Middle Eastern Courses

An Introduction to Modern Arab Society – ARBC 100
This course surveys the main issues of debate in modern Arab society: social, intellectual and political. Focusing on key turning points in the 20th century, this course examines changes in definitions of identity, modernist thought, nationalism, and views of the West in the Arab world. Students will analyze representative samples of these trends, including social and literary debates, novels, memoirs, poetry, the media, films, and popular music. These texts depict Arab society in a state of transition and change.

The course will include key forms of modern Arabic literary genres (i.e. poetry, novels, theatre, short stories), providing a glimpse at Arab society and culture. Readings include literary works written by prominent authors, dealing with dominant cultural topics such as nationalism, religion, gender and women issues, the role of the family and kinship, and social concepts and taboos. Selected texts help delineate the cultural uniqueness of the Arab world, and will include certain major works by authors such as prominent cultural critic and poet Adonis, and leading intellectuals George Tarabishi and Mohammed Abed Al Jabari. Representative samples of poetry and short stories will be covered from throughout the contemporary Arab world.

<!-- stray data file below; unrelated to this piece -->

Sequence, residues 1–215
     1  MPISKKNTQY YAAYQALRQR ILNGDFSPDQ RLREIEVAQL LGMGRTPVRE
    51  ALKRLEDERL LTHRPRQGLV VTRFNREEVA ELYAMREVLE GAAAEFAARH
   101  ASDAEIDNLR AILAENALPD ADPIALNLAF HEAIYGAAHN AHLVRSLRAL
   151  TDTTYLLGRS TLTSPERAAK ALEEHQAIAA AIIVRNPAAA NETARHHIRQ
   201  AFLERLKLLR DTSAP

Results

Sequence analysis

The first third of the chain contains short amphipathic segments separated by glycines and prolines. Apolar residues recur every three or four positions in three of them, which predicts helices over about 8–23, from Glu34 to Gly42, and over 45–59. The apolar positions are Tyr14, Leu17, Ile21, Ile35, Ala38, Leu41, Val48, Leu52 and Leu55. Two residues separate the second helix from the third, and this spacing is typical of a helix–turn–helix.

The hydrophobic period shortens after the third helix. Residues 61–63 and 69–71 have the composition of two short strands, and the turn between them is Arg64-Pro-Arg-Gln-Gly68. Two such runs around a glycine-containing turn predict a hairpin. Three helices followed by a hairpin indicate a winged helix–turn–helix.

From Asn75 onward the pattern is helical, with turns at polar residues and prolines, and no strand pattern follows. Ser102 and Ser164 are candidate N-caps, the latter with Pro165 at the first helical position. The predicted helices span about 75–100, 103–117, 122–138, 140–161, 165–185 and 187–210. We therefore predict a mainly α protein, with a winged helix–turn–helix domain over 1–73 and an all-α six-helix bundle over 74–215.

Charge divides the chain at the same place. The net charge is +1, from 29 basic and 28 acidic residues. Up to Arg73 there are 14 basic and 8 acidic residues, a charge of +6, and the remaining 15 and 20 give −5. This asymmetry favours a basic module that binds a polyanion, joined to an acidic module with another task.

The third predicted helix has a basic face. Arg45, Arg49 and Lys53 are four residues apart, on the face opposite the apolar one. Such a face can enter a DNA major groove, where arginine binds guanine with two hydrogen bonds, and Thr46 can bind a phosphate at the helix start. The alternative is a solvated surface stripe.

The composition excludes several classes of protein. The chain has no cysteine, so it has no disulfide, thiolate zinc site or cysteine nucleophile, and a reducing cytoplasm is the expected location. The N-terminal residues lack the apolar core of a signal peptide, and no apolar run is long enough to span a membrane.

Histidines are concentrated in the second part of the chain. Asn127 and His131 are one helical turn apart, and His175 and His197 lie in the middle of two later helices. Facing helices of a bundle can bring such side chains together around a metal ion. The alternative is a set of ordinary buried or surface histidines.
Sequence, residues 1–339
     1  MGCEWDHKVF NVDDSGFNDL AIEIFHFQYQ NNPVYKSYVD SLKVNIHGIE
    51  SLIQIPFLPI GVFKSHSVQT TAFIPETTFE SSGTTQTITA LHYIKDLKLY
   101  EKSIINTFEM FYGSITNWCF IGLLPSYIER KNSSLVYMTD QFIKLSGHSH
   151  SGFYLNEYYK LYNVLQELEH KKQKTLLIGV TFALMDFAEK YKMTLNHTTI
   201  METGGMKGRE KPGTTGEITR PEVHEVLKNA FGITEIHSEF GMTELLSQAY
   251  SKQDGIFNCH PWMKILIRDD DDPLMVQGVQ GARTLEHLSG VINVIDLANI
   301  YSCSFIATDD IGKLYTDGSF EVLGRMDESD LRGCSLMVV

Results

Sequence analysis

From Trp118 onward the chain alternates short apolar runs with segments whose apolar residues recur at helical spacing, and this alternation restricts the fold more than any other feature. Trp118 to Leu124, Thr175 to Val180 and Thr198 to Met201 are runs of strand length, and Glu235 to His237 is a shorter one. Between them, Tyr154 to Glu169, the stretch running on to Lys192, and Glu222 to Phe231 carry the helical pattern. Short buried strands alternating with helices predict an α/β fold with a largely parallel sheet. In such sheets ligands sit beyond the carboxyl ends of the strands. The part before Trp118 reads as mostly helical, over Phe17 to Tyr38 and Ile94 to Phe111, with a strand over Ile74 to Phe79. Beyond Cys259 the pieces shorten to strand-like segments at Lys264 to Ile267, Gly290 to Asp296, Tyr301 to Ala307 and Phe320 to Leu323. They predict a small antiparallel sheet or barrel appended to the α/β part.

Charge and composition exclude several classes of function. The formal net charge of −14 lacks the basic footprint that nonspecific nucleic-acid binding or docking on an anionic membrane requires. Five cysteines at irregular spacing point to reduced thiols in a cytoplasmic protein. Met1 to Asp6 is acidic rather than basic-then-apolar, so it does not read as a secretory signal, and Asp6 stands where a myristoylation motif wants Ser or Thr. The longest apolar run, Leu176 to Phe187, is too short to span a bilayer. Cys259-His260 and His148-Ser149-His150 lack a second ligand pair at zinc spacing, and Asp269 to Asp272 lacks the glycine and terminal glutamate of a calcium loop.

Advanced Arabic: Modern Arabic Poetry in Translation – ARBC 110
The course “Modern Arabic Poetry in Translation” offers a window into the richness and sophistication of modern Arabic poetry. It focuses on major themes in Arabic poetry, and will cover the most important poetic texts and works written by the leading Arab poets in contemporary times. It begins with providing a necessary overview of classical Arabic poetic traditions, including pre-Islamic poetry. The course also offers insights into critical aspects of modern Arab culture. It examines the influence of Western literature on modern Arabic poetry and discusses the significant role of modern Arab poets within Arab society. Modern Arabic Poetry in Translation will be taught in English.

The Arabic Novel in Translation – ARBC 115
This course will focus on a close reading in translation of a number of important twentieth-century Arabic novels. These texts have been chosen both for their exceptional literary merit and for the fact that their themes and forms reflect the distinctive features of Arab modernity. The seminar’s guiding principle is that literature includes politics, history, and culture, and not vice versa.

These novels portray the region’s perennial problems of political tyranny, military defeat and exile, patriarchy, and the complex relationship with the West. Because Arab modernity was both accelerated in relation to its Western counterparts and profoundly influenced by the West’s wars and technology, the Arabic novel offers new insights into the manner in which the novel is related to Western narrative and literary theory.

Readings in Modern Arabic Poetry – ARBC 120